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What global arms sales tell us about the changing world order

A study by the Stockholm International Peace Research Institute reveals an increasing arms race in the Indo-Pacific and Middle East North Africa region.

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Increasing arms race in Indo-Pacific and Middle East North Africa region

Over the past few years the world order has begun to reflect intense big power competition and increased regional rivalries. A direct consequence of this intensifying interstate competition has been a rising arms race.

In a scenario as this, patterns of global arms sale give pertinent insights about changes in the global order.

A study by the Stockholm International Peace Research Institute (SIPRI) reveals an increasing arms race in the Indo-Pacific and the Middle East North Africa (MENA) region.

The US continues to be largest arms exporter. Russia retains its position as the second largest exporter though its volumes have declined significantly in the past four years. And China, at fifth place, now exports arms to 53 countries.

US largest arms exporter in world

The US had exported arms to 98 countries in 2014-18, of which more than 50 per cent went to the Middle East. The US’ top three clients are Saudi Arabia (with 22 per cent of exports), Australia (7.7 per cent) and the UAE (6.7 per cent).

In 2014-18, US exports were 75 per cent higher than Russian, compared to a 12 per cent difference in 2009-13. The US-Russia gap has continued to widen as America ramps up its arms production.

Russian exports are in decline

Russia sold to 48 states in 2014-18 and its top three clients were India (27 per cent of exports), China (14 per cent), and Algeria (14 per cent).

Russia saw a 17 per cent decrease in exports from 2014-18, largely due to a general reduction in imports from India and Venezuela. India’s imports decreased 24 per cent in 2014-18, in part because of US sanctions limiting Russian arms sales. Venezuela’s imports fell 83 per cent between 2009-13 and 2014-18, owing to the ongoing political and economic crisis.

Russia and the US both sell arms to Afghanistan (18 per cent of total imports from Russia, 66 per cent from the US) and Iraq (33 per cent and 47 per cent, respectively). These are the only two countries among the top forty importers that do not show a significant preference for either the US or Russia.

China now sells to 53 states

Chinese exports rose by 195 per cent between 2004-08 and 2009-13 and stabilised in 2014-18. China exported arms to 53 countries in 2014-18, compared to 41 in 2009-13 and 32 in 2004-08.

China’s arms imports have decreased and it is now the sixth largest importer in the world. While China’s domestic manufacturing capabilities are improving, they do not yet match that of Russia’s for certain technologies, such as long-range air and missile defence systems.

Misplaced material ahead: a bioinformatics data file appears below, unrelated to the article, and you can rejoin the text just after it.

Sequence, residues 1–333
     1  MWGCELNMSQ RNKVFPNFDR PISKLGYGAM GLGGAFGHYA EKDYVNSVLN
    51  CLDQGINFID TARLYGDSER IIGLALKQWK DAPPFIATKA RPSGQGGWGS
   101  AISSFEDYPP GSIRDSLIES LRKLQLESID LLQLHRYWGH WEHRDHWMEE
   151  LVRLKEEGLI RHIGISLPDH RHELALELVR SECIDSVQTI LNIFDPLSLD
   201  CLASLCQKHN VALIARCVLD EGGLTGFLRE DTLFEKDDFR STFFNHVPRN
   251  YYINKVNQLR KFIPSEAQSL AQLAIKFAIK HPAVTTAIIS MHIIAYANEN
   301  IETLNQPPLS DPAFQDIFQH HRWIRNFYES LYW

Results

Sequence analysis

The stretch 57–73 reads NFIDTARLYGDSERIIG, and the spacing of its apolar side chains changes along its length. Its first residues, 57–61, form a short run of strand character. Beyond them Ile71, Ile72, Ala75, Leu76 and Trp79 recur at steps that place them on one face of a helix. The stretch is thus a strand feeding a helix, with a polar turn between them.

China’s three largest clients are Pakistan (37 per cent of exports), Bangladesh (16 per cent) and Algeria (11 per cent). Pakistan has been the largest recipient of Chinese arms for all five-year periods since 1991.

Pakistan, Bangladesh, and Myanmar all receive the largest proportion of their arms from China (70 per cent, 70 per cent, and 61 per cent, respectively). All three countries border China and have borrowed heavily from it, largely for infrastructure projects as part of China’s Belt and Road Initiative (BRI).

Indo-pacific tries to contain Chinese influence

The US has facilitated sales to small and middle powers in an attempt to contain China’s rising influence. The US has notably made large sales to Taiwan, Japan and Singapore.

China recently threatened military conflict if anyone tried to separate Taiwan from the mainland. Taiwan buys almost 100 per cent of their arms from the US, which supports their claim for independence.

Japan, a historic American ally, gets a whopping 95 per cent of their arms from the US. On the other hand, India is the only member of the Quad to rely on Russian imports, procuring only 12 per cent of its arms from the US.

Five of the top ten importers are MENA countries

Imports to the Middle East rose by 87 per cent between 2009-13 and 2014-18, owing to ongoing conflicts in Syria, Iraq, and Yemen, as well as proxy wars between Saudi Arabia and Iran.

Saudi Arabia has replaced India as the world’s largest arms importer, with a 192 per cent increase in imports from 2009-13 to 2014-18. This is partially because Saudi efforts to create a strong indigenous arms industry have seen limited success.

Continued arms sales to Saudi Arabia and the UAE have come under heavy criticism from the EU and the US Congress, mainly for their involvement in Yemen. President Trump has justified these sales as helping US allies build military capabilities in order to mitigate threats from Iran.

Despite the ongoing conflict with Saudi Arabia, Qatar also buys 65 per cent of their arms from the US. Qatar’s imports have increased 225 per cent in 2014-8. Gulf states predominantly buy from the US, demonstrating the strength of regional ties with the West.

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